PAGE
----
It’s not inaccurate to say that the Westside of Santa Cruz is world famous for its surfing beaches. When Surfer Magazine named Santa Cruz its “Best Surf Town” in 2009, it also named the Westside’s Steamer Lane Santa Cruz’s best surf spot. The Westside is also where you’ll find the Santa Cruz Surfing Museum and where the O’Neill Coldwater Classic surf contest was once a yearly event. The allure of Westside surf is undeniable, but there are plenty of other reasons to choose the neighborhoods west of the San Lorenzo River to call home.
The Westside is where funky Santa Cruz dabbles in sophistication. It is here that a former brussel sprout factory at Swift and Ingalls Streets was reborn as a hip shopping and dining district. The Swift and Ingalls Courtyard is filled with a half-dozen wine tasting rooms, two breweries, eclectic and high-end retails shops and the Westside’s unofficial town hall, Kelly’s French Bakery, where open tables on weekend mornings are a rare commodity.
The Westside is home to West Cliff Drive, which wends 2.5 miles along the coast from downtown to Natural Bridges State Beach, affording breathtaking ocean views to surfers, hikers, picnickers and those fortunate enough to own a home with a West Cliff Drive address. Properties here fetch upwards of $1,000 per square foot and range in size from tiny pioneer cabins to grand estates, all sharing the same life-affirming views.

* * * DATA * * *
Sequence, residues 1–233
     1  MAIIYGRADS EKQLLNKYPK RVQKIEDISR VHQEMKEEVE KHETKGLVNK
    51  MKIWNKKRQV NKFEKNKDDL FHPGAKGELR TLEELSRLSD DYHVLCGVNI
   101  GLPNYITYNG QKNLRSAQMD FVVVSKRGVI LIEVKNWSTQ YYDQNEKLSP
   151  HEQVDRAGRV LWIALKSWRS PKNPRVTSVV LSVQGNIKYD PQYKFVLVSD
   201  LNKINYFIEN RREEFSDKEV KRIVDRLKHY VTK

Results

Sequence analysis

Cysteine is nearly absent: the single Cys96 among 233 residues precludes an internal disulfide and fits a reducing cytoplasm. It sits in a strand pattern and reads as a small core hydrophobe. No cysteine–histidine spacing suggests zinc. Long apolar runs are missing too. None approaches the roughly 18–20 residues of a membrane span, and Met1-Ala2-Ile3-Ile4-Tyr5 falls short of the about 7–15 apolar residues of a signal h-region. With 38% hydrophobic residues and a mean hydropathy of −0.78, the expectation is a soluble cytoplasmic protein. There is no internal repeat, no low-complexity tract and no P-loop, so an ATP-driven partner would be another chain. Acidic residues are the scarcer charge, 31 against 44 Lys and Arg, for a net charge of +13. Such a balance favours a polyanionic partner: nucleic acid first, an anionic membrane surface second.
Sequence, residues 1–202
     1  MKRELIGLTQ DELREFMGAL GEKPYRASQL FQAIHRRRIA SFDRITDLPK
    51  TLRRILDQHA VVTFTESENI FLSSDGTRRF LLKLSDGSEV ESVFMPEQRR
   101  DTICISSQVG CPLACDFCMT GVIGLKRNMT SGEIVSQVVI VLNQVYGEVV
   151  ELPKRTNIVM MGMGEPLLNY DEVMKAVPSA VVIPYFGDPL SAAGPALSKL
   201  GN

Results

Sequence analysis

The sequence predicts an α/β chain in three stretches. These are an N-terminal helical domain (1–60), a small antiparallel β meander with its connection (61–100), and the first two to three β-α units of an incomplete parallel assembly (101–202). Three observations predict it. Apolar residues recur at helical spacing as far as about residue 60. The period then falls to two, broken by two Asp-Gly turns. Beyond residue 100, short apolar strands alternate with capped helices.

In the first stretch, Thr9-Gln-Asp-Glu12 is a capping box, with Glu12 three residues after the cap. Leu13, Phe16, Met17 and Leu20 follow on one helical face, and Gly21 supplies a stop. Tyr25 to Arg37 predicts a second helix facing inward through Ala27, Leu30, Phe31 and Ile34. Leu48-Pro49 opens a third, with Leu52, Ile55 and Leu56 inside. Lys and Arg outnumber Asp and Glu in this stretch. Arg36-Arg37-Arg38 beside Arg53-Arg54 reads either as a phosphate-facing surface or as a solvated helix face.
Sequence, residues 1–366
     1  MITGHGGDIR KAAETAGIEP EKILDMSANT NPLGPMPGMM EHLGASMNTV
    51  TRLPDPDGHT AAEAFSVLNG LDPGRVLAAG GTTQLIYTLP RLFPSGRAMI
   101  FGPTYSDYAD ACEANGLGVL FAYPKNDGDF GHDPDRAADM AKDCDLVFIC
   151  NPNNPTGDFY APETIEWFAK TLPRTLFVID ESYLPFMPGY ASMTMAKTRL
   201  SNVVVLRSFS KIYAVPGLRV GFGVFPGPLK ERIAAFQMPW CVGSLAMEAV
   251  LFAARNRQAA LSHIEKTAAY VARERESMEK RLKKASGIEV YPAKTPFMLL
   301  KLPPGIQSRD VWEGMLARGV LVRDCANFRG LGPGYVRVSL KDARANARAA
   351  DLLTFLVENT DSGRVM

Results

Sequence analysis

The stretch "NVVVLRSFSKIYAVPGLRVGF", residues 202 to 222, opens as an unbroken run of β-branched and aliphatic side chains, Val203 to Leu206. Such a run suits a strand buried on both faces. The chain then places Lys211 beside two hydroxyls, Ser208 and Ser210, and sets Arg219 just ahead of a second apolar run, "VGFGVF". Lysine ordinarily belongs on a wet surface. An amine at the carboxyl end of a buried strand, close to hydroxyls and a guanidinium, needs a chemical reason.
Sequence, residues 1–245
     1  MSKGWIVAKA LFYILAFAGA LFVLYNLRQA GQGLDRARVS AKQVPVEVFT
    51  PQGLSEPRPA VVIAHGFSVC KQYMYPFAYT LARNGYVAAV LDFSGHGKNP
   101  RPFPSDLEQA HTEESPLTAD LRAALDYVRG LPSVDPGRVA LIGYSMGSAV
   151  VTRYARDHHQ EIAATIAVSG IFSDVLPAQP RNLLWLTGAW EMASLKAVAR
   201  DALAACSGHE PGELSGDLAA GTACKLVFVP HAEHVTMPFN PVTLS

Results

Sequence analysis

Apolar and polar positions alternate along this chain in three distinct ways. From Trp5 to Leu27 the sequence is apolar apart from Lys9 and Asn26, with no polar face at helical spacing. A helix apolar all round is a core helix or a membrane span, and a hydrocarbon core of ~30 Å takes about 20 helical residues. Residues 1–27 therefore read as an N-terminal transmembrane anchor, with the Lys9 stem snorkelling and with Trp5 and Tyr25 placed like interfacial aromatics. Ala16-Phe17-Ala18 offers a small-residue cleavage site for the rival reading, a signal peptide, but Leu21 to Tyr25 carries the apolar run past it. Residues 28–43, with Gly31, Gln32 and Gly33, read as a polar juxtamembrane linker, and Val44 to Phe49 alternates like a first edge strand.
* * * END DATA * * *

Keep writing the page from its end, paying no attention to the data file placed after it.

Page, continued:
The Westside is a community of many personalities. It has a thriving commercial district on Mission Street, a vibrant student and faculty population in its boroughs bordering the University of California Santa Cruz as well as oddities like The Circles, a neighborhood of circular streets laid out in 1890 by the Christian Church of California. The Westside offers block after block of middle- and upper-middle-class single-family homes, a comingling of historic and contemporary, and modest to oversized, but all reflecting the ever-increasing desirability of beachside neighborhoods during the past 30 years.
Westside residents enjoy an abundance of natural riches and they make the most of them. The Westside is ground zero for Santa Cruz surf culture, but it also offers mountain biking in Wilder Ranch, hiking and biking at nearby Henry Cowell Redwoods Park, skateboarding and disc golf at Derby Park, nature walks along West Cliff Drive and, of course, days lying on the warm sand at any of the Westside’s world-class beaches. In West Santa Cruz, the challenge isn’t what to do, it’s how to find the time to do it all.
Of course, not all time is spent outdoors and the Westside has just as many options for fans of “the great indoors.” Besides the aforementioned shopping and dining districts on Mission Street and at the Swift and Ingalls Courtyards, there is the Seymour Marine Discovery Center, the Surf Museum and events at UC Santa Cruz. If that isn’t enough, the Beach Boardwalk and downtown, with its dining, shopping, live music, culture and sports arena, are within walking distance for most Westsiders.